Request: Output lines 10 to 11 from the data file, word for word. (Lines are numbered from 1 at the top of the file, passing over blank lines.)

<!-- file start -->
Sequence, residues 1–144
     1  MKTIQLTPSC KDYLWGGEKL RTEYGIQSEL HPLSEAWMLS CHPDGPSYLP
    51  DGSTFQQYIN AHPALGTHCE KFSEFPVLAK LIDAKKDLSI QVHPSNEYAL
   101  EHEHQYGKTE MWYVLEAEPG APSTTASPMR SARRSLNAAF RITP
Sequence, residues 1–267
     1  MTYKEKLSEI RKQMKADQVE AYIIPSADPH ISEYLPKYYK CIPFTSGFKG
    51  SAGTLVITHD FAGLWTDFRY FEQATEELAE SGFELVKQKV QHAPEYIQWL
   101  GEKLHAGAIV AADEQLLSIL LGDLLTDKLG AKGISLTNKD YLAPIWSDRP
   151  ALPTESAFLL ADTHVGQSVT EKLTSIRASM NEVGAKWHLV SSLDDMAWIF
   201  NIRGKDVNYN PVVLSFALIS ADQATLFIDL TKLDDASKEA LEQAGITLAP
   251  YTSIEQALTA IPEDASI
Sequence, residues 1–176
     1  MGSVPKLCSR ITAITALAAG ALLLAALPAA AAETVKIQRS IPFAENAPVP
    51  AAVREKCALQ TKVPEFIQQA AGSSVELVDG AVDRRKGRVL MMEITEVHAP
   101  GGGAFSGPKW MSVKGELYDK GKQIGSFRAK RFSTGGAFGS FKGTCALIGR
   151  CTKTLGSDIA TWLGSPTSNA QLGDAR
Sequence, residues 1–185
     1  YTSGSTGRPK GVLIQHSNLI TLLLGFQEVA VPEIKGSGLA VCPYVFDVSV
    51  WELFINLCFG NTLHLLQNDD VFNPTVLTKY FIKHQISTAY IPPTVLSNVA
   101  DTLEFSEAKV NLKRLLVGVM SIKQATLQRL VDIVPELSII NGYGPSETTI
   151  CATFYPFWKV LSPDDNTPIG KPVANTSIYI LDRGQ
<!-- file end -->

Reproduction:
   201  NIRGKDVNYN PVVLSFALIS ADQATLFIDL TKLDDASKEA LEQAGITLAP
   251  YTSIEQALTA IPEDASI